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Range Rover: More Wild Atlantic Way

Cliffs of Moher
The Cliffs of Moher… and more. 12 Euros until inflation gets hold of it.

My previous column (“The Wild Atlantic Way,” Pique, June 18), delved into a recent trip on which I was introduced to one of the world’s great tourism branding wins—the Wild Atlantic Way, a 2,500-kilometre network lacing Ireland’s labyrinthine and picturesque west coast from Donnegal to West Cork. I began my tale where we first parked ourselves: in Connemara, with its national park, big-mountain hikes, and splendiferous but oddly placed Kylemore Abbey.

In addition to stunning landscapes and almost constant ocean overlooks, quirk and charm began the moment we were checked into the historic Leenane Hotel (think The Shining) by a Swede whose fluent Swinglish carried a faintly Irish accent. This became a theme—a range of enthusiastic foreign nationals running hospitality businesses (like the genuine French bistro in Leenane), having taken advantage of a mobile EU and/or Ireland’s net immigration policy. Everyone we met who’d come from away loved living here; for most it was doubtless friendlier than their place of origin. Why? Because Ireland, which seems interminably hospitable.

Almost everyone loves to talk but no one cares who you are. One day we drove north to Westport, set in a deep recess of the archipelagic Clew Bay. Looking to stop, we turned into a seaside pub that was about to open. Since we were first through the door, the elderly bartender struck up an in-depth conversation covering Ukraine, Whistler, monkeypox, and the famous pilgrimage and residence of St. Patrick atop nearby 2,500-metre Croagh Patrick—all in the blink it took for our Guinness to settle. Tucking ourselves into an alcove with our pints, a woman in starched-whites appeared and shared that it was the bartender’s birthday; they’d made a cake and the staff was coming out of the kitchen to sing happy birthday; since we were clearly now his friends, would we like to join? “You can have some cake as well!” she whisper-shouted. It was actually pretty good.

Leaving Leenane we headed south to Clifden, an under-the-radar town where, in 1905, Guglielmo Marconi built the first high-power wireless telegraph station between Europe and North America (its sister station was in Glace Bay, Nova Scotia), and where the first transatlantic flight in 1919 crash-landed in a bog. We took Clifden’s real measure on the Sky Road, an 11-km drive along bays that rose 150m above sea level at Slyne Head, with views of the North Atlantic, Clifden Castle, nearby islands and the town.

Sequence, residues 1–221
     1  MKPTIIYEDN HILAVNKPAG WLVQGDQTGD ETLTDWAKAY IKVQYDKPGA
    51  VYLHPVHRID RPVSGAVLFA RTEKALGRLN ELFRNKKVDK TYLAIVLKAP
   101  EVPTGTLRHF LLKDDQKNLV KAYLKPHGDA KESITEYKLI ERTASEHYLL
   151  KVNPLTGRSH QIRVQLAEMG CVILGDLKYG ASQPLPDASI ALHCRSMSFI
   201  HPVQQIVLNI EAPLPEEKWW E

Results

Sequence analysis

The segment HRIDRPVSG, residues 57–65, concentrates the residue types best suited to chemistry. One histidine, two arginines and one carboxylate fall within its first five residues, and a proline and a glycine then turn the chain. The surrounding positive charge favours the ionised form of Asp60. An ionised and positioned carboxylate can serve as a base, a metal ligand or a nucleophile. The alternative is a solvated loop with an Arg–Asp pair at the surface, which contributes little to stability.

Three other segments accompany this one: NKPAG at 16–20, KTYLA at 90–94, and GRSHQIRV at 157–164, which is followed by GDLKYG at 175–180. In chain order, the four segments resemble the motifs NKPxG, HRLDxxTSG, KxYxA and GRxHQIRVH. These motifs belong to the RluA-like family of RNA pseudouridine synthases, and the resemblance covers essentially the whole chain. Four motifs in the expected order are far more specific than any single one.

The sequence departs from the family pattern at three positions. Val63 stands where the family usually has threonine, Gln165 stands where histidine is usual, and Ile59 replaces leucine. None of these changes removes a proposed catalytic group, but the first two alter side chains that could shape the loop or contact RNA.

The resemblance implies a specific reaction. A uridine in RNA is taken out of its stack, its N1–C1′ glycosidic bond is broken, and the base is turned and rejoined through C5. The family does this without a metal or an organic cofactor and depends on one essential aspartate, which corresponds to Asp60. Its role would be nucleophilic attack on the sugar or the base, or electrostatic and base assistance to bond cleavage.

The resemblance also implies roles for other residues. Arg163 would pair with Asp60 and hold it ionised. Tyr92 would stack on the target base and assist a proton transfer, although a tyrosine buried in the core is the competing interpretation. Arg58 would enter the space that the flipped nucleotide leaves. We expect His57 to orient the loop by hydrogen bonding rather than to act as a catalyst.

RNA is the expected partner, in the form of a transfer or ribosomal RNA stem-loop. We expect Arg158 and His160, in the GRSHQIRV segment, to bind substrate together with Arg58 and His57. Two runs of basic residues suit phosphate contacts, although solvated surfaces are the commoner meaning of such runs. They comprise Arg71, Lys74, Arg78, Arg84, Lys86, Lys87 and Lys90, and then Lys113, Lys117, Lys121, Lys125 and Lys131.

Continuing south the next day, we backtracked around Galway Bay to the town where we’d spend several days—Doolin, which has recently morphed from local hangout of note to international tourist destination. I’d been there 34 years ago, when a friend I was staying with in Kilkee suggested we head up the coast to a pub where locals played music every night and the craic was good. We drove hours in darkness and pouring rain before a tiny light appeared in the maelstrom: Fitz’s Pub, set at the only intersection in town. Inside were farmers and peat-cutters in wellies; fishermen in big sweaters; a haze of smoke like you wouldn’t believe; and a fist of people in the corner playing pipes, hand drums, and fiddles, with audience members liberally switching in and out of the jam. It was magical.

In the intervening decades this grassroots scene gained fame as a showcase of Irish pub culture. Now a half-dozen pubs do the same thing every night, with a hundred hotels and B&Bs to accommodate the visitors. Having experienced the real thing in its infancy, we weren’t there for this slice of commercialized culture, but to hike and explore the nearby Burren and Cliffs of Moher UNESCO Global Geopark. We couldn’t quite escape the industrial tourism, however: the Cliffs of Moher, which I’d also checked out all those years ago by stumbling through a muddy cow pasture to their edge, now featured a parking lot that could accommodate 500 cars and 30 tour buses, a gift shop and other concessions, paved paths, and a €12-per-person charge for its annual 1.6 million visitors. The farmer who owned the cow pasture is making bank.

The Burren, happily, was yang to that yin: nobody around. You were in a Geopark but signs to that—or any—effect were at a premium. Finding the main trails wasn’t easy but the reward great, as it wound up onto the spectacular exposed former reefs and sediments of an ancient sea subsequently ground bare by Pleistocene glaciers, with rare flowers springing from fissures in the rock.

After the Burren, things took a beachy turn along the Dingle Peninsula, with endless sandy horseshoes to enjoy, a rainy high traverse across three peaks, B&Bs set in jungle-like surroundings, a hike to the westernmost point in Europe, and a chance meeting with a Vancouver friend who’d seen our Instagram posts and texted that he was in Inch Beach—which (map-wise) we were mere inches from. The surf town of Inch is basically that—a handful of houses and a pub—but the beach is a spectacular five-kilometre strand backed by mountains.

We wound up the trip at a friend’s place in West Cork in Ireland’s deep south, bathed in sun and beaches galore, surrounded by palm trees and ocean breezes, eating outdoors like Tuscan royalty, and daily hikes to headlands pocked with the remains of Ireland’s 30,000 (that’s right) castles. The Wild Atlantic Way, which stitched together so much geography and culture, delivered an enjoyably tame end.

 

Leslie Anthony is a biologist, writer and author of several popular books on environmental science.